10 common Germanisms you should avoid when writing in English

German is a wonderful language. In fact, it is so wonderful that many Germans still try to use German grammatical patterns when writing in English! This makes your text look like, written by…umm…a German. And since you would like to qualify as a perfect English speaker/writer, we suggest you avoid these 10 common ‘Germanisms’:

Avoid these errors and pretend to be a native user of English

German & UK Flags (German English languages translation jigsaw)

  1. Capital problem: A common Germanism is the random use of upper case or capital letters in nouns. In English, only proper nouns are written in upper case (Tom, Hamburg, Kodak), but not common or abstract nouns (school, potato, freedom).
  2. Separable verbs: Unlike German, English does not have separable verbs and this fact creates a lot of problems. Example: He ran away from home [English] —> He ran from home away [German-influenced English]. Besides, it is a mistake to write ‘run away’, ‘throw away’, etc. as ‘awayrun’, ‘awaythrow’ (‘weglaufen’, ‘wegwerfen’).
  3. Comma (,) vs decimal point (.): In English-speaking countries, a full stop or period is used as the decimal mark (123.45), while a comma (,) is used to group digits (12,345). This system is the opposite of the Continental convention. As a result, German writers often use a full stop (aka period) to group digits (12.345), and employ the comma as the decimal mark (123,45).
  4. Words running into each other: Really long words packing in a lot of complex meaning are a common feature of the German language. This is often reflected when German-speaking writers translate such words into English. An example could be translating ‘Rechtsschutzversicherungsgesellschaften’ as ‘insurance-companies-providing-legal-protection’.
  5. ‘-sh’/’-sch’ confusion: The -sh ending in certain words often becomes -sch, turning ‘English’ into ‘Englisch’, ‘fish’ into ‘fisch’, or ‘foolish’ into ‘foolisch’.
  6. ‘c’/’k’ confusion: Many Germans confuse English ‘c’ with German ‘k’, thus spelling ‘doctor’ as ‘doktor’, or ‘coffee’ as ‘koffee’.
  7. Hyphen: German speakers seem to have a thing for the punctuation mark known as ‘hyphen’. In technical papers, words such as ‘SWOT analysis’, ‘Likert scale’, etc. are often (mistakenly) written as ‘SWOT-analysis’, ‘Likert-scale’, etc.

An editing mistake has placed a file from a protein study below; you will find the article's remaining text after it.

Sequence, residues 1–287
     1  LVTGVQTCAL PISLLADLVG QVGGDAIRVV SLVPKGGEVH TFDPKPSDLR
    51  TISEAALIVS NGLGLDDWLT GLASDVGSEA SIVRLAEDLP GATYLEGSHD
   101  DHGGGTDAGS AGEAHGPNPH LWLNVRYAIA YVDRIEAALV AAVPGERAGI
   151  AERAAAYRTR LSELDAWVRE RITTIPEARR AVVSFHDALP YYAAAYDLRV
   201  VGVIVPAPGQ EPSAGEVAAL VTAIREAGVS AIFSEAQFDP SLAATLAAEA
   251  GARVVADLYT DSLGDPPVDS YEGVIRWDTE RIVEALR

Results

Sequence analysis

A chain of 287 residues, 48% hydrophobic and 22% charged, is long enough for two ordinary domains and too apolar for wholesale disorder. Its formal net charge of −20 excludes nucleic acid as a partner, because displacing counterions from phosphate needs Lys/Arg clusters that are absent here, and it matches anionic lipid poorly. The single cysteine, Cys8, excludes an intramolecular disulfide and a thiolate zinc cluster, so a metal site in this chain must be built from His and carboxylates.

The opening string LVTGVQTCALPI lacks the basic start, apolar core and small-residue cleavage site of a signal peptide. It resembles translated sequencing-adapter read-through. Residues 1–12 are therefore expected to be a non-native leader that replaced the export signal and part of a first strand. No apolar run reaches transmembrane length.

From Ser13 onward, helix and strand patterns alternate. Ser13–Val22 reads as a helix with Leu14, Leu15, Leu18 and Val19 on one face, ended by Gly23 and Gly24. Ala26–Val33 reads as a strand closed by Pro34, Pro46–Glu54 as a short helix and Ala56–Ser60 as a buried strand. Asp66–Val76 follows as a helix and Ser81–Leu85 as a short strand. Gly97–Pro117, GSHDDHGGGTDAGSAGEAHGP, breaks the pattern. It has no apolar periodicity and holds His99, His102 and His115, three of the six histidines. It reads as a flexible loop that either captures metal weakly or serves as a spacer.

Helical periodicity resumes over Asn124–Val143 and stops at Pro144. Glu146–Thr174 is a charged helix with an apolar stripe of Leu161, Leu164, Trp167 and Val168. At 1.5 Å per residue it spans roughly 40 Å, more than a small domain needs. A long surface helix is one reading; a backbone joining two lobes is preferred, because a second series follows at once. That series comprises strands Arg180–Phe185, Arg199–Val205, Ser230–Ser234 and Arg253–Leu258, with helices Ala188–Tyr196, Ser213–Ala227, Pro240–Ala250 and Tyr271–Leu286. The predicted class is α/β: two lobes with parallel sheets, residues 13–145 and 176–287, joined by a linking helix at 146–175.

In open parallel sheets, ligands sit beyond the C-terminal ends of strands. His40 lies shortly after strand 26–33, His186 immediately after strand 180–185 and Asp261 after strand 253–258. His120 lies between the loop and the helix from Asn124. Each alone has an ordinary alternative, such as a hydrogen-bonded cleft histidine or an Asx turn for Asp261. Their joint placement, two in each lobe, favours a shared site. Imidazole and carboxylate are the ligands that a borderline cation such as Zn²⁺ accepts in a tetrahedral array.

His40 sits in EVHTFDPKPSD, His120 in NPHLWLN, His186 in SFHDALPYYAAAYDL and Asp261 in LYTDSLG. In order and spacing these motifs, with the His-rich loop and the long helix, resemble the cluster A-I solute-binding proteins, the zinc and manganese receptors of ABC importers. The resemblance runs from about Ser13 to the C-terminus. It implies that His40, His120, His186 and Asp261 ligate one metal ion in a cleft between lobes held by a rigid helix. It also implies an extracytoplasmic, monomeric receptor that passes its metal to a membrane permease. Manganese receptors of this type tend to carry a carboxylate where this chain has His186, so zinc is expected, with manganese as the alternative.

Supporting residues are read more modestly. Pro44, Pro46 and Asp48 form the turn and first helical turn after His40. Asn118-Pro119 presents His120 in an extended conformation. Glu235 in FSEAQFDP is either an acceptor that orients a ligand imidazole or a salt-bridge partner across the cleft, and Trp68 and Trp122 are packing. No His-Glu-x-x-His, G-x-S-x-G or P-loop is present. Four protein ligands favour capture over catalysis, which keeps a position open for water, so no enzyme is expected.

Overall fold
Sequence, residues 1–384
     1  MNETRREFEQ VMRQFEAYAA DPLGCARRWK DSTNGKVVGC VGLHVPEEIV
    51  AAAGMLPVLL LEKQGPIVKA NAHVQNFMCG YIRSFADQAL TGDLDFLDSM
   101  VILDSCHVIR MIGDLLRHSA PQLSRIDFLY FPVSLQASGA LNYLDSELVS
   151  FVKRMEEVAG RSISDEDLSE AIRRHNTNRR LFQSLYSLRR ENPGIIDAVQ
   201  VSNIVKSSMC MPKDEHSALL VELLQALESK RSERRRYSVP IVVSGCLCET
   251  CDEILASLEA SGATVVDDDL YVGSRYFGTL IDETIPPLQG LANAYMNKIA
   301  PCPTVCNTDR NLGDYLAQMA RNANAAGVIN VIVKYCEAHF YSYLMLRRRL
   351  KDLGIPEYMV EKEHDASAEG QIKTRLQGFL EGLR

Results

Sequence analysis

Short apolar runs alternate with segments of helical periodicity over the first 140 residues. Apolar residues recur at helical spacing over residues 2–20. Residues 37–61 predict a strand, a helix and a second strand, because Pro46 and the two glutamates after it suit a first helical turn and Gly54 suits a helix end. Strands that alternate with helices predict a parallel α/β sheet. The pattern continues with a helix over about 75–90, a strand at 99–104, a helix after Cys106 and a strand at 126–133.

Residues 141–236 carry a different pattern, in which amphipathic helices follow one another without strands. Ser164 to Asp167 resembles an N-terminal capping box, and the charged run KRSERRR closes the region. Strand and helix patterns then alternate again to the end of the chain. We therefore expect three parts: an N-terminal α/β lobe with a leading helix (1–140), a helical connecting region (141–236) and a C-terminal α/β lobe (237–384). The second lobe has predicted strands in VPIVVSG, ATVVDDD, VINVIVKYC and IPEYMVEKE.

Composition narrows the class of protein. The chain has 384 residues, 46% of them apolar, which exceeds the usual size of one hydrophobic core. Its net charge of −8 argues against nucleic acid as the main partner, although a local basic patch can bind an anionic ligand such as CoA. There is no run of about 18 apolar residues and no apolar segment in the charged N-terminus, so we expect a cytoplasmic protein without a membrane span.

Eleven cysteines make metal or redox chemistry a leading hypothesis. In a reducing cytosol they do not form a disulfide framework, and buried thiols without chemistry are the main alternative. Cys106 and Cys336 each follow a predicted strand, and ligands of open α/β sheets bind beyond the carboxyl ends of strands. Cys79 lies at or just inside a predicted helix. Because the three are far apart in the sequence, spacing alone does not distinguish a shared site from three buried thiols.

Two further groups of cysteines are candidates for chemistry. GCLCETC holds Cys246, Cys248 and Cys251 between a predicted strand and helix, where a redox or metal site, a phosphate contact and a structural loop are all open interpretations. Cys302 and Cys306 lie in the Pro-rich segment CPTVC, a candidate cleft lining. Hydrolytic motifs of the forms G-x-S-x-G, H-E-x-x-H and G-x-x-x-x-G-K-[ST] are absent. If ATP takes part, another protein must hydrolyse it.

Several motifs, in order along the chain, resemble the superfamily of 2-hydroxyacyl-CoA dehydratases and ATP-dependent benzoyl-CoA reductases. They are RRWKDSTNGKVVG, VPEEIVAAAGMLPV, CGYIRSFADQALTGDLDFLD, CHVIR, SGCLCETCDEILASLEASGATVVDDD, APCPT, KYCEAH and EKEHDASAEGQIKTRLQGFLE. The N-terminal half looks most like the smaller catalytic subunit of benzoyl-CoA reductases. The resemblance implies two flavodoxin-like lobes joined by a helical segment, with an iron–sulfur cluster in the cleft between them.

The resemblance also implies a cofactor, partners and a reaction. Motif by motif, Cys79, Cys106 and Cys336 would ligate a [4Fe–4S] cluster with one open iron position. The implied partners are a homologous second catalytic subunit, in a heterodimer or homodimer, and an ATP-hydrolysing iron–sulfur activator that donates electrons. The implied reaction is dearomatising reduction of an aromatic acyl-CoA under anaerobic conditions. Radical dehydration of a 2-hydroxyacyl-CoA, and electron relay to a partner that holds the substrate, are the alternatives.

8. Using progressive (or continuous) tense: It is an error to use the -ing form of a verb to mean simple past or present tense. Example: According to Wikipedia, the city of Hamburg is having a population of 1.751.775 (Incorrect). cf. According to Wikipedia, the city of Hamburg has a population of 1,751,775 (Correct).
  9. Preposition: English nouns, unlike their German equivalents, are not very inclusive—often they need prepositions to be meaningful. Thus, writing ‘I go to the movies Sundays’ would be grammatically incorrect. cf. ‘I go to the movies on Sundays’ (Correct).
  10. ‘and’ vs ‘und’: No discussion of Germanized English is complete without reference to the ‘and’/’und’ mix-up. This common habit-formed confusion stems from the phonetic (i.e. sound-related) and graphical (i.e. visual) approximation of the two words.

A correction by a foreigner helps to avoid Germanisms

To be honest, spotting these errors might be difficult for you, simply because you’re used to them and might not recognize them as errors in the first place. A solution could be to get your paper read by a foreign but English-educated person who has no knowledge of German—or better still, you send us your paper and we edit it for you. We’ll make sure that your academic paper is free of those little—sometimes embarrassing—Germanisms.

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  • German & UK Flags (German English languages translation jigsaw): treenabeena - Fotolia.com

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